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Thursday, April 18, 2024


The other day, I received a text message from the new boy who I like. It had a short, sweet "hey, how are you?" implication, yet conveyed this salutation with clever wording based on an inside joke that was developing between us. This text was, in a way, quite titillating. Upon seeing it illuminate my phone, I felt amused, excited and even a little turned on — simultaneous emotions that indicate the intensity of my crush is growing bolder. Yeah, I like this one.

Of course, the first rule when it comes to flirtatious text messages is to conceal the interest I've just described. It's great that someone is giving me the attention that I want, but come on, I can't let him know that just yet. The situation is delicate and must be handled with utmost care — respond too soon, and one risks appearing over-eager, readily available and, my least favorite "D-" word of all time: desperate.

However, on the flip side, if one waits too long to return the correspondence, there is a possibility of sending false signals of the "I'm not too interested" type. (Rule of thumb: Give it 15 to 60 minutes, depending on how well you know each other, before sending the first reply. If the conversation begins to flow, lessen the wait time. After all, it's only polite to reward good behavior.)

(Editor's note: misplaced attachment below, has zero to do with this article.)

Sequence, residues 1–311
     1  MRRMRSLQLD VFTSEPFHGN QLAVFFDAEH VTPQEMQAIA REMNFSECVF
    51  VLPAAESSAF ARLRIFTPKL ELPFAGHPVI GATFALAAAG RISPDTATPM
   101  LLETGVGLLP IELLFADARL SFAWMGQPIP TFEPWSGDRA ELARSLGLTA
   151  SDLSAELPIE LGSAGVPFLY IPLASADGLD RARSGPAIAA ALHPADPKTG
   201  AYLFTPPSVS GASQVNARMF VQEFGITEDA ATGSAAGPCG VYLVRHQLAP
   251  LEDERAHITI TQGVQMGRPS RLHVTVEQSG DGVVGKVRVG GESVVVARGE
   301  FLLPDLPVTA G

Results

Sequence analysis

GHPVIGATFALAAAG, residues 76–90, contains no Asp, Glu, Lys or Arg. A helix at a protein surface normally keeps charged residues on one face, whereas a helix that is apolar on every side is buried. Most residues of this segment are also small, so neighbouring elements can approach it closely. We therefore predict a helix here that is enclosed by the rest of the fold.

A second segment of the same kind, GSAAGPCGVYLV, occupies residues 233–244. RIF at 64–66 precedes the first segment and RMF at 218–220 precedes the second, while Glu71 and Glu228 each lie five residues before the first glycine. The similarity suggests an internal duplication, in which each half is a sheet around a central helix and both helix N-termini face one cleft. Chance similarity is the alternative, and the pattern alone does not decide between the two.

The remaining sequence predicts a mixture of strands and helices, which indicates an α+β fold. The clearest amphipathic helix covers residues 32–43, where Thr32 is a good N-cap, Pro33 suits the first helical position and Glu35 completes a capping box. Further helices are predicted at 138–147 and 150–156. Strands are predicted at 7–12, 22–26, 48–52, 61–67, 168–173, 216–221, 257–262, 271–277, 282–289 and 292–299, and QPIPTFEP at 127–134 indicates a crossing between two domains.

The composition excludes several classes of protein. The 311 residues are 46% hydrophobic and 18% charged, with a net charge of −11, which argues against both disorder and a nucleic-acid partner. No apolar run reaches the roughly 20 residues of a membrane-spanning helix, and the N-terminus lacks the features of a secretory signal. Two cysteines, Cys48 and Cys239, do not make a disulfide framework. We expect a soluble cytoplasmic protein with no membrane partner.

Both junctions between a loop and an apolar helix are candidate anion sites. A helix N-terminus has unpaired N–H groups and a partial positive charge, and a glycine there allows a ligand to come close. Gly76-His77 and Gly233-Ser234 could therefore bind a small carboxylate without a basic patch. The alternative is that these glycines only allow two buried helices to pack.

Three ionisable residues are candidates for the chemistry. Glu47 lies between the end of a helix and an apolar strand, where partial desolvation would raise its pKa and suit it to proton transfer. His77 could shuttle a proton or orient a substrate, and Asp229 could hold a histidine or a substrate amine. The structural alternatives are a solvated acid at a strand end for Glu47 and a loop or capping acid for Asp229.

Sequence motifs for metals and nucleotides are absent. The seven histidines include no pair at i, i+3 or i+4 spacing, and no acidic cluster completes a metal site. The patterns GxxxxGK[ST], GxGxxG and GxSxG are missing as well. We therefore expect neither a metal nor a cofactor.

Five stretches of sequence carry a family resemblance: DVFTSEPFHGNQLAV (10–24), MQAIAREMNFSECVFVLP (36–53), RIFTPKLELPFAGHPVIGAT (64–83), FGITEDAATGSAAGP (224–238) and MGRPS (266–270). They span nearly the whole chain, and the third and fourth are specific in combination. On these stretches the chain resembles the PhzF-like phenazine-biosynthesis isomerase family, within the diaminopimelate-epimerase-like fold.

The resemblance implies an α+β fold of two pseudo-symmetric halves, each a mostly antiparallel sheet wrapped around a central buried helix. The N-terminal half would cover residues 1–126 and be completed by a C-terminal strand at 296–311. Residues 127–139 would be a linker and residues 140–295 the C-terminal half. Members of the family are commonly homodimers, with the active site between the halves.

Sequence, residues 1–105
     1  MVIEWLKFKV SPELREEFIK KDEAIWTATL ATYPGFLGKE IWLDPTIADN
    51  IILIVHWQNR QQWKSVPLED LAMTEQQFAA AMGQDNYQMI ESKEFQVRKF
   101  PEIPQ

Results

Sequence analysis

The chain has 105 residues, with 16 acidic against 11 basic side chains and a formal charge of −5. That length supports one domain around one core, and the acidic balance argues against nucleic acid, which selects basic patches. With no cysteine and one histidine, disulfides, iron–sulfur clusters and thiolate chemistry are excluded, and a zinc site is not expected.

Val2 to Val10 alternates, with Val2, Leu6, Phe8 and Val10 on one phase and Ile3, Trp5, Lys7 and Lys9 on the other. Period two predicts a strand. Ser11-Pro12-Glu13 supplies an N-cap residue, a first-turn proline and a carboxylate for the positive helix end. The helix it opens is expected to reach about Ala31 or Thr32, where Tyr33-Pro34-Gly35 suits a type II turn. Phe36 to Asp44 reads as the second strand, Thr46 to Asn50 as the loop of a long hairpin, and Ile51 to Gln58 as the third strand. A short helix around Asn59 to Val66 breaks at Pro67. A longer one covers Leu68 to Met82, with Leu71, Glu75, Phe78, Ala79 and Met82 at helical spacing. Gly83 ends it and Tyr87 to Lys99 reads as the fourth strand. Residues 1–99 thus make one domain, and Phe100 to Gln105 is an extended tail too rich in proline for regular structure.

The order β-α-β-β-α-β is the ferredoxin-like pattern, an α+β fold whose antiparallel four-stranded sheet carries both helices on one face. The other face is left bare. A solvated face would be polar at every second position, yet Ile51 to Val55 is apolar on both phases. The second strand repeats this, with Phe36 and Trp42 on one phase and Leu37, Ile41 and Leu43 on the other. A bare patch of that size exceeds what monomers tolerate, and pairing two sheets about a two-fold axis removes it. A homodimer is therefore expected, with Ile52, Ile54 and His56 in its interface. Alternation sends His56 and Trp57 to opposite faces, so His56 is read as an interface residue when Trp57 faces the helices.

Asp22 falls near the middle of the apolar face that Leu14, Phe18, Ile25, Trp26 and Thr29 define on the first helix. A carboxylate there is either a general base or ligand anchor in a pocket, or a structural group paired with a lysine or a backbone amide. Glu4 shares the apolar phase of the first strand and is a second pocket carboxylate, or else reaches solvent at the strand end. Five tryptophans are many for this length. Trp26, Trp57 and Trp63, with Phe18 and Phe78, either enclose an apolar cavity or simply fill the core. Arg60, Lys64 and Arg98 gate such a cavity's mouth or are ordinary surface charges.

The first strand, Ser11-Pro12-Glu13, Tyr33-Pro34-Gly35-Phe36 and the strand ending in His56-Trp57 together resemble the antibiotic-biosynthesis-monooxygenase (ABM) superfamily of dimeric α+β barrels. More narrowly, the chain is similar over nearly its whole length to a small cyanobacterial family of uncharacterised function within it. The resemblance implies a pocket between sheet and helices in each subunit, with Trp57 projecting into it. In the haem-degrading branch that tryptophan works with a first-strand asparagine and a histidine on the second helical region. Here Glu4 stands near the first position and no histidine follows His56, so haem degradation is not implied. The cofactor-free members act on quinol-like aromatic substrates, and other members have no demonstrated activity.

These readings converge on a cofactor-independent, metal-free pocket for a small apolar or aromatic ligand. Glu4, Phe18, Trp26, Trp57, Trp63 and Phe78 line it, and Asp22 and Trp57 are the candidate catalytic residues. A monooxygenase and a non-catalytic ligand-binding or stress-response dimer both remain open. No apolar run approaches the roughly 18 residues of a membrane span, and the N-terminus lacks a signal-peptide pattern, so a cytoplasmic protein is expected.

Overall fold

This got me thinking about the games we play in the roulette of text messages. In some ways, the text has opened possibilities in relationship communication that would probably blow Alexander Graham Bell's mind. Texting allows us to be poignant, to think an extra few seconds before we speak and to turn on the witty charm using 160 characters or less. Want to melt a girl's heart? Interrupt her day with an adorable quip consisting of equal parts humor and flattery. If she returns the favor, you're golden.

But what happens when the feeling isn't mutual? When a message is sent, but goes unanswered? Or, the worst, when the reply happens days later with a, sorry-my-phone-died lie? We all know the solution to this quandary is simple, albeit a blow to the ego: Give up. Take the number out of your phone to resist a repeat offense and move on. Yet for some reason, the element of challenge presents itself and entices some of us to persist, to attempt to break down the wall and evolve our shame from text-reject into the morning-after walk.

In my crush's case, I have to admit that he has mastered the balance of an effective, complimentary, humorous and cute text. Correspondence is initiated on a regular, but not excessively frequent, basis that implies he's available, but not clingy.

Oh, plus he uses proper grammar and leaves the emoticons to a minimum — what an adult! The better half of me knows that this is, in its own right, a type of game. But it's one that I'll play a little longer.

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